Hebrew Hear-Say: Stranger than fiction

'Am hasefer' - the People of the Book - are living proof that even in the age of Kindle, there is a place for the written word.

Hebrew Hear-Say logo (photo credit: )
Hebrew Hear-Say logo
(photo credit: )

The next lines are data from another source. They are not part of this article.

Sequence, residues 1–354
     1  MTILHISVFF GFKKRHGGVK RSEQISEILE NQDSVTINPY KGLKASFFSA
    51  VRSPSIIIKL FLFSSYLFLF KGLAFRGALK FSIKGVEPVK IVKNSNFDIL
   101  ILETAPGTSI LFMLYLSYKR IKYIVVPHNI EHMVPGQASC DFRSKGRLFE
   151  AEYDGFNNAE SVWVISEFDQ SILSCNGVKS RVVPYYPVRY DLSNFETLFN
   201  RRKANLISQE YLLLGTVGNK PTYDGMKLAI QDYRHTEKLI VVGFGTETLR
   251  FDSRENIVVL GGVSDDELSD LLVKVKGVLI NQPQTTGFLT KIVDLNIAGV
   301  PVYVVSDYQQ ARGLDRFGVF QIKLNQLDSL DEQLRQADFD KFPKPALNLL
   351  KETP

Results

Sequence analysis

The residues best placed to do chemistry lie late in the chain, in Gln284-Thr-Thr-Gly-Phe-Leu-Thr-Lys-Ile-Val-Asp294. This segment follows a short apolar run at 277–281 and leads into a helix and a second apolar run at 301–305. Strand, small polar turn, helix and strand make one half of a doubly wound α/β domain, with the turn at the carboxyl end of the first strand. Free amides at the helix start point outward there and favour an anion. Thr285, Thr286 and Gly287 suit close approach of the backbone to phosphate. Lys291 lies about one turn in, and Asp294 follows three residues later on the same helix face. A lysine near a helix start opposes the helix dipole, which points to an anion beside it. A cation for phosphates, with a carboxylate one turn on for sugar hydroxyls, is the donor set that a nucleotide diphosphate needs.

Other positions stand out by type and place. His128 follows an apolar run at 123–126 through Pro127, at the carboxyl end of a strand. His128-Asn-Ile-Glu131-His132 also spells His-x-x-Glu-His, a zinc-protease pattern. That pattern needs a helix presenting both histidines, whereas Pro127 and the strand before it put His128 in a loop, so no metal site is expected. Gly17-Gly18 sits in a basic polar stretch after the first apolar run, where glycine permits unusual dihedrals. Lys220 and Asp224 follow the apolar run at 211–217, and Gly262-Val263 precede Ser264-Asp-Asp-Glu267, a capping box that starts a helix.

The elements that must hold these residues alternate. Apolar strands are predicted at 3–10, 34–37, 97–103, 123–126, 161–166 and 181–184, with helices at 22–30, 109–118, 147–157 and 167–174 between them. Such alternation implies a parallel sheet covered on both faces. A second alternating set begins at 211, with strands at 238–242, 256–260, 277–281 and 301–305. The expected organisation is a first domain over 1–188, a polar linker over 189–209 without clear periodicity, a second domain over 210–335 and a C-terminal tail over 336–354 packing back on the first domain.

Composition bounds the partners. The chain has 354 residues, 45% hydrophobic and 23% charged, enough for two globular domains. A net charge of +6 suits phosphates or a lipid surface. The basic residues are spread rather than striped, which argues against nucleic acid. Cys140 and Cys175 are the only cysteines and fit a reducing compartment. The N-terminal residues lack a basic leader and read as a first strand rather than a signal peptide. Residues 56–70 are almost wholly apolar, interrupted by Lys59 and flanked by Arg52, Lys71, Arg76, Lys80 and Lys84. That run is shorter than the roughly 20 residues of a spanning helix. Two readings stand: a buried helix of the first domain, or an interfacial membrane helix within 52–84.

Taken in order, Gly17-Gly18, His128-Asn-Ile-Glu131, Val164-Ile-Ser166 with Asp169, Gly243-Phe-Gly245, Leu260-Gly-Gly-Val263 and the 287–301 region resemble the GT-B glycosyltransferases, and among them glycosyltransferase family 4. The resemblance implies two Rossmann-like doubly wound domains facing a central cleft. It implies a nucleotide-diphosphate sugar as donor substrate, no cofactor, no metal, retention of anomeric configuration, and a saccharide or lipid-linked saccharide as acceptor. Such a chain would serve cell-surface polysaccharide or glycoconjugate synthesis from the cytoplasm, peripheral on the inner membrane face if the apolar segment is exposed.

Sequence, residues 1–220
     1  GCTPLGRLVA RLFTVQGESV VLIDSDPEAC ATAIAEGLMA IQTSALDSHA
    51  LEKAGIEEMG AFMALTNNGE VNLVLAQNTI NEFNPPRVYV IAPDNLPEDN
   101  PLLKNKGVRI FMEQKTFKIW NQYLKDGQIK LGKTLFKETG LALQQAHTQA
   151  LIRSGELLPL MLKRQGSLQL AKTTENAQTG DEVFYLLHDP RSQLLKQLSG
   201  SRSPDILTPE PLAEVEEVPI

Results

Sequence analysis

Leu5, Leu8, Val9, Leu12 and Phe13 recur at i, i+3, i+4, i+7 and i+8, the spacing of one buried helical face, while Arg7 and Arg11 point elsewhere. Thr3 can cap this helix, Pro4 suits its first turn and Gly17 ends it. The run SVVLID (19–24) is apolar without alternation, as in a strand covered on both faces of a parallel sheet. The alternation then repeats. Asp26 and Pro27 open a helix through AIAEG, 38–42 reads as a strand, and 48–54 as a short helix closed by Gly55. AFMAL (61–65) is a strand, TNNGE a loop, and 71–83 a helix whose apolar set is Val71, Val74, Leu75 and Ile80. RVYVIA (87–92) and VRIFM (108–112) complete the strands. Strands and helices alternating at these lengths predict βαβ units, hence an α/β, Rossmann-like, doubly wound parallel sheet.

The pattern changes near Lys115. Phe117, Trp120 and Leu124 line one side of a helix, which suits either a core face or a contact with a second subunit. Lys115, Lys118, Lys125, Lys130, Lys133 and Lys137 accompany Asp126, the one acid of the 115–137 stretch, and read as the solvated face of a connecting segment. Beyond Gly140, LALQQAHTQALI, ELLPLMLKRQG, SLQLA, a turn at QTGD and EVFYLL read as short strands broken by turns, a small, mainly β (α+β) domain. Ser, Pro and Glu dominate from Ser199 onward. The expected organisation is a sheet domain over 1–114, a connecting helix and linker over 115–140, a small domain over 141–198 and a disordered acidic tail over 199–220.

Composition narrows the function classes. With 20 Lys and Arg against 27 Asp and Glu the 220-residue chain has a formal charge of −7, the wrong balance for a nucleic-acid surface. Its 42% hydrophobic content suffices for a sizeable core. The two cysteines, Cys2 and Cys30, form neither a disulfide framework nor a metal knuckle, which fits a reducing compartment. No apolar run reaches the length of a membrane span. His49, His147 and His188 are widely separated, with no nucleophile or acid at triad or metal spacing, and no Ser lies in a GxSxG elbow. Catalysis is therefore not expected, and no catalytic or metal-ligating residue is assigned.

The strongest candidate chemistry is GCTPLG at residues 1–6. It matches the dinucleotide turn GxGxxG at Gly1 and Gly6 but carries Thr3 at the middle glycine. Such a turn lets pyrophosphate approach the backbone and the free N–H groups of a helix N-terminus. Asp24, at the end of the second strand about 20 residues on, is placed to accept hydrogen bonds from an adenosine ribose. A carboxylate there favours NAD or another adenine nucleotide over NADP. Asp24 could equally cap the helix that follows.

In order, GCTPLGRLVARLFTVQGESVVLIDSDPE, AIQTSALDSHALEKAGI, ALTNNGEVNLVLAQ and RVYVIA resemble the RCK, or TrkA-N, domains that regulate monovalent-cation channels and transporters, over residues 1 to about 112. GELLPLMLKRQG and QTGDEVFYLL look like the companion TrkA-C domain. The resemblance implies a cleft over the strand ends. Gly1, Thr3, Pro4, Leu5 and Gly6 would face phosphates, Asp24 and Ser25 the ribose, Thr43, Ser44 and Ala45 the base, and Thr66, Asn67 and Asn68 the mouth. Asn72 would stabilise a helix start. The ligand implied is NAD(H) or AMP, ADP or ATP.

Israel is celebrating one of its best inventions: Hebrew Book Week ('Shavua Hasefer Ha'ivri'). Actually, the week has become 10 days in recent years and I have heard it recently increasingly being referred to as 'Hag Hasefer Ha'ivri' - Hebrew Book Holiday, the term in itself being something to celebrate. Whatever you call it, it is to Israel what apple pie is to America, and less fattening. 'Am hasefer' - the People of the Book - are living proof that even in the age of Kindle, there is a place for the written word - and that place is on the bookshelf ('madaf sfarim, sifriya'). But even before that, it is in town squares ('kikarot') and large public parks ('ganim tzibori'im') across the country where huge stands are established and books sold at discounted prices. Publishing companies ('hotza'a l'or') and bookstores ('hanuyot sfarim') start preparing for the event months in advance. Apart from anything else, there is more to putting out books than writing ('ktiva'), editing ('ariha'), illustrating ('iyur') and printing ('hadpasa'). Without public relations ('yahasei tzibbur') a book won't even reach the shelf, let alone jump off it. Ahead of Book Week I heard one publisher estimate that a book is born here every hour. Mark my words, without a concerted PR effort, you don't get to hear of most of them, which is a pity. One Israeli writer who has himself this year been the object of the written word ('mila ktuva') is Amos Oz, celebrating his 70th birthday with public events from his modest desert hometown of Arad (a voice in the wilderness?) to grander readings in the center of the country. You can read into his popularity what you will - he has certainly never hidden his leftist views between the lines ('bayn hashurot') - but you cannot ignore him. Another benchmark in Hebrew publications this year, noted one Israel Radio interviewee (and the number of programs and articles dedicated to Book Week is a story in itself), is the Yediot Aharonot and Am Hasefer series dedicated to bringing Hebrew sources into the home of the average family. The wide-ranging project runs from The Book ('Tanach') to the 'Zohar', prayer books for festivals, Talmud, books on philosophy and important Hebrew-languange writers such as S.Y. Agnon and Leah Goldberg. The welcome aim is to allow every family to buy the basics (the price is subsidized) because the soul still needs feeding, even in a recession. On Shavuot, I dipped into the 'Pirkei Avot' by the Hebrew University's Avigdor Shinan (published in the series along with the Avi Chai foundation) which promises, and delivers, "a new Israeli commentary." It was a great reminder that the font/fount of Hebrew wisdom does not begin and end with Hillel's "'Im ein ani li, mi li'" (If I am not for myself, who is for me?") which seems to be the best known saying, any more than "Israeli" literature starts and ends with the magic of Oz. It only goes to prove the enduring relevance of the advice: "'Al tistaklu bakankan ela be'ma sheyesh bo'" (don't look at the jug but at what's in it), or as we might say in English: "Don't judge a book by its cover." Another personal discovery this year was the Time Tunnel ('Minheret Hazman') series by children's author Galila Ron-Feder-Amit. A phenomenon "in her own write," apart from producing a prolific number of books, Ron-Feder-Amit also spent several years as a foster mother to 10 children. She truly deserves the prizes she has received. The Time Tunnel has become a way of life for my second-grader who has traveled through it to relive events ranging from the Dreyfus Trial ('Mishpat Dreyfus') to the UN vote on the partition plan on 'Kaf tet be'November' (November 29), the siege on Jerusalem ('Yerushalyim ba'matzor') and the arrest of the Nili spies ('Hameraglim mekvutzat Nili'). If you want to catch up on the major events of Jewish and Israeli history in easy Hebrew, you could do worse than take a trip along with the hero and heroine - although it is sometimes humbling to find events from your own lifetime considered as history, Operation Entebbe ('Mivtza Entebbe') and Operation Spring of Youth ('Mivtza Aviv Neurim'), for example. Thanks to writers like Ron-Feder-Amit another generation is willing to leave the computer long enough to make sure the book market does not come crashing down. I love a 'sof tov' - a happy ending. liat@jpost.com